After being declared the winner, Perlmutter celebrated by doing cartwheels through a crowd of supporters on his way to his Election Night victory podium.
“It helped blunt some of the astronomical amount of money coming from the other side,” said Danielle Radovich-Piper, the congressman’s chief of staff.
“I also think that it helped folks, the general public, understand that there was a business group out there supporting Ed and his efforts, which I think underscores the kind of person and legislator that he is,” she added.
In a post-election boast on its website, the association said: “Because of these ongoing efforts, the next Congress will contain many old friends and new friends who understand real estate issues.”
Those aren’t just feel good messages. The real estate industry had real stakes in the election. It is still in a precarious recovery and will be looking to Washington for continued help with foreclosures, lending and other issues. Most of the candidates it supported sit on the House Financial Services Committee, which oversees the housing industry.
The Realtors’ campaign differed from that of such large trade and business groups as the U.S. Chamber of Commerce in that it was built around one industry and targeted at a subset of candidates with clear records of advocating on housing issues while serving in Congress, a state legislature or on the job.
Casey and other campaign finance experts said one reason the Realtors could play amid the larger, more partisan groups and not get tainted is that the judgments driving their independent expenditure campaign mirrored those of a traditional PAC donation program.
In addition, the association emphasized on its website that “all communications feature positive messages about the candidate on real estate issues,” a policy that helped it avoid accusations of running ads deemed unfair or false.
According to Federal Election Commission records, the Realtors’ program was financed with individual donations from thousands of members, which also made it distinct from the newly created GOP groups that solicited big corporate checks.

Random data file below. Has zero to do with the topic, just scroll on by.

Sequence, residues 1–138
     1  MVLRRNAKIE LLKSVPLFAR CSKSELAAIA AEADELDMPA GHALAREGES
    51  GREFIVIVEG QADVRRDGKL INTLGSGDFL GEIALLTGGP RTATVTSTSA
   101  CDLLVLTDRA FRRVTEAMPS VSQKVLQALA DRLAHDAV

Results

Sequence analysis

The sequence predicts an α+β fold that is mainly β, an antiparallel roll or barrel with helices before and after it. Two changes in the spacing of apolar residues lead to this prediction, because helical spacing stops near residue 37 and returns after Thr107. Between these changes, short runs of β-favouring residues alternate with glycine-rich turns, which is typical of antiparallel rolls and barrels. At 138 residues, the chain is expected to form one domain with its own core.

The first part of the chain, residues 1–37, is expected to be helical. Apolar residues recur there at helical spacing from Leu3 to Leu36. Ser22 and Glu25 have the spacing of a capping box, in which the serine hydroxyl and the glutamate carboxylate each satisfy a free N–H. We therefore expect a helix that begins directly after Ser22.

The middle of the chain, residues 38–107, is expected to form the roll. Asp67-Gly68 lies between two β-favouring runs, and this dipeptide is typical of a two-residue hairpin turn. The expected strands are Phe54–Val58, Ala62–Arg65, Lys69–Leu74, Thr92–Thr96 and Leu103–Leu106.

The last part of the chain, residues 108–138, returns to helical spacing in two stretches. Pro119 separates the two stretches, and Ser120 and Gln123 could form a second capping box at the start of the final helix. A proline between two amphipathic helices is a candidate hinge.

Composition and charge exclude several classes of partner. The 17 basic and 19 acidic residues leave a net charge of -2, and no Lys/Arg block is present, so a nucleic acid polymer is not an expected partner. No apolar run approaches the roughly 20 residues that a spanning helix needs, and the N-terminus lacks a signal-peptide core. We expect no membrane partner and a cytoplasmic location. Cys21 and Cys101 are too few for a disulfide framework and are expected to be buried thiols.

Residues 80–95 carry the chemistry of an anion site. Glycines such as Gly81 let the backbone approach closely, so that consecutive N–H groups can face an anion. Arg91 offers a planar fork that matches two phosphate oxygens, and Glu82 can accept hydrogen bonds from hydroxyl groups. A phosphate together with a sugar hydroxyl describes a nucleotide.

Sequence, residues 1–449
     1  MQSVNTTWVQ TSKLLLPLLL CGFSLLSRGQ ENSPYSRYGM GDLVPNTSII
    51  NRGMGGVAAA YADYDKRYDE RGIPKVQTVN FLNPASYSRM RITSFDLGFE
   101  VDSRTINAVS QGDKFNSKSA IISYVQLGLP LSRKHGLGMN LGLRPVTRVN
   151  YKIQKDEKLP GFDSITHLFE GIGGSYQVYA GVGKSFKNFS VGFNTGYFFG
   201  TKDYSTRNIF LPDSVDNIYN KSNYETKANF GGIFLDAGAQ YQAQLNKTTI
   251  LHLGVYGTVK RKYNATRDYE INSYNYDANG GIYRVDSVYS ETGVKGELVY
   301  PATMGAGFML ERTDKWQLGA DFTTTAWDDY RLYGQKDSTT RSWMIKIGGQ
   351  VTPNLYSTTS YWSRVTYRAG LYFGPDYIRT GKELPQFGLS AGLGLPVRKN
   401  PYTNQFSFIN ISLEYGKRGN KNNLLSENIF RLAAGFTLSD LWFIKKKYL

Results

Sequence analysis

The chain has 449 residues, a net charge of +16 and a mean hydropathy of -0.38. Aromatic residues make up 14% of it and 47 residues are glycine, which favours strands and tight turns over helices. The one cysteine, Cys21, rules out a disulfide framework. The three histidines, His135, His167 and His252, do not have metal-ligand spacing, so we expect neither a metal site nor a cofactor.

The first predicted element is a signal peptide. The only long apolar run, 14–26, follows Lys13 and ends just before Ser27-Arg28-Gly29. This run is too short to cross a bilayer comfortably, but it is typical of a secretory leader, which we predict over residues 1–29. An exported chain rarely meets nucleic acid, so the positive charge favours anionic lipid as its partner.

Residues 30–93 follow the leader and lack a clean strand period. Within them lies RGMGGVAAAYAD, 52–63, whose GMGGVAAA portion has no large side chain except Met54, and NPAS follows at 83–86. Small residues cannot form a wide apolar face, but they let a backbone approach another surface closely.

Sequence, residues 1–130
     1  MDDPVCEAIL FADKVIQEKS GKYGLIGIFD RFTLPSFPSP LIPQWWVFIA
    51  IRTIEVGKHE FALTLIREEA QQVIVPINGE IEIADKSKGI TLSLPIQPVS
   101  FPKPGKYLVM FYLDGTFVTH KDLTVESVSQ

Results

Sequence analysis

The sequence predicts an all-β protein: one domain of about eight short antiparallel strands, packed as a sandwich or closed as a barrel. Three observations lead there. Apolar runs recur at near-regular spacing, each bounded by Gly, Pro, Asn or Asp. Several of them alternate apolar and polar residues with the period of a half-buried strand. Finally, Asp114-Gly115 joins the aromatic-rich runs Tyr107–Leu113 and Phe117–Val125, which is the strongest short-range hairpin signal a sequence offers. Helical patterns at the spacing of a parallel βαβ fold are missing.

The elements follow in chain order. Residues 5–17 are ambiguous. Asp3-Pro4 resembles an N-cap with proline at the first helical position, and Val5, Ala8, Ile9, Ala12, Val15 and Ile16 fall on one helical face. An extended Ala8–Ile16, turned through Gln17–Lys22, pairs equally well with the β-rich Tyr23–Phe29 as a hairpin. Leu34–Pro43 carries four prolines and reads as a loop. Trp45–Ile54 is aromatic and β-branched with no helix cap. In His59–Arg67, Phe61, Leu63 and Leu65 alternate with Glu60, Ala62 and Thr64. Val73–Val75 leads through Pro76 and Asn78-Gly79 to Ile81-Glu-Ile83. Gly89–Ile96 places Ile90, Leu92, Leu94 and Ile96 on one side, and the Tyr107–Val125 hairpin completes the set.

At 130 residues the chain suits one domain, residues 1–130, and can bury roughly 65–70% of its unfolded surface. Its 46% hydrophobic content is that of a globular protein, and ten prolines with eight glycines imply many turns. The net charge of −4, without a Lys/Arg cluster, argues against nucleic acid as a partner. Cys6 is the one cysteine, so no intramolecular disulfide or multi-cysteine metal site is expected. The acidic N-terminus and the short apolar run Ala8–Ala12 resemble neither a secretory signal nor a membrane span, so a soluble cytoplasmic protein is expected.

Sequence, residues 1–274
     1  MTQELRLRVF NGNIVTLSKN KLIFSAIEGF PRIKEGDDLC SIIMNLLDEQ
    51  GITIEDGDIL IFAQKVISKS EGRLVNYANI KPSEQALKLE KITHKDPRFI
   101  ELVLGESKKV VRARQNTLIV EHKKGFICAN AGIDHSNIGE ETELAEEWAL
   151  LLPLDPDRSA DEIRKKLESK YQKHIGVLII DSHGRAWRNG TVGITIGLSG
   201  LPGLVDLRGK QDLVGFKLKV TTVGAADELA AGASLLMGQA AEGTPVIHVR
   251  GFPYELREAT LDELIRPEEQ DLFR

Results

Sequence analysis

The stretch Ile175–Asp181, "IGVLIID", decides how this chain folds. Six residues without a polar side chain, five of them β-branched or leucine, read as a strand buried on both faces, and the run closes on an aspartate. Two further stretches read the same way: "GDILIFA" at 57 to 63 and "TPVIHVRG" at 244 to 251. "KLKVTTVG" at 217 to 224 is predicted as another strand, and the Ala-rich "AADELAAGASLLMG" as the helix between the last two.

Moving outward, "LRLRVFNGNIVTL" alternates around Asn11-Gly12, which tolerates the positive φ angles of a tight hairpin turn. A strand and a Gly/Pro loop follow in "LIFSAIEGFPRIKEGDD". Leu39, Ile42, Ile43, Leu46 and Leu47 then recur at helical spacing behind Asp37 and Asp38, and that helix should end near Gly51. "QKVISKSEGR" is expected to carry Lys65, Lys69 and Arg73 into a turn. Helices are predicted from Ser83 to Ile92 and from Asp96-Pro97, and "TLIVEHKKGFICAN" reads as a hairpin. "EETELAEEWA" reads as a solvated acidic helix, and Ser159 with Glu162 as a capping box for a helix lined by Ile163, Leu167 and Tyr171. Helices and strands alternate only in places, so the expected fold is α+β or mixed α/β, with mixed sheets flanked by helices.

“The methodology behind it is probably not different; it’s just a matter of degree,” said Ken Gross, a campaign finance expert who also consults corporations. “So it’s less likely to raise any questions about whether they are taking advantage of the new Supreme Court decision.”
Although the Realtors’ didn’t solicit corporation money, several campaign finance law experts said the Supreme Court decision last year in Citizens United v. the FEC would allow such financing.
But even if there is a rise of industry-based groups, Baran, Gross and other experts said America’s biggest brand names are likely to remain reticent about using corporate money to dabble in politics.
That reluctance only intensified after witnessing the public relations nightmare that consumed Target after the public disclosure of its donation of $150,000 to MNForward, a Minnesota political group created to influence state races.
Brian McClung, a spokesman for MNForward, said the group plans to remain operational and is gearing up for the 2012 state legislative races. But there were some lessons learned.
“We certainly had some bumps along the way, no question about that,” said McClung, who added that the group is considering reorganizing with new affiliates that would allow donations to remain secret much like the American Crossroads groups.
That is the route that Democrats believe coal companies took in West Virginia after news broke last summer that they were considering starting up their own political organization to run ads against Democrats.
No new group emerged, but the West Virginia Conservative Foundation, a seemingly dormant pro-coal group, suddenly came to life and launched a robust round of attack ads against Democratic candidates targeted by the coal industry barons.
“They used it as a shell,” accuses Derek Scarbro, head of the West Virginia Democratic Party. No one at the foundation could be reached for comment.
While anonymity can protect a business from attacks, it also has a downside – lawmakers may not know who to thank.
Perlmutter’s post-election calendar has already included several appearances and meetings with Realtor groups in Colorado and in Washington and there is more to come.
“He has enjoyed a good relationship with our local Realtor groups here for almost two decades,” said Radovich-Piper. “Which is why it wasn’t as surprising that they came in to help, but the level that they did was so.”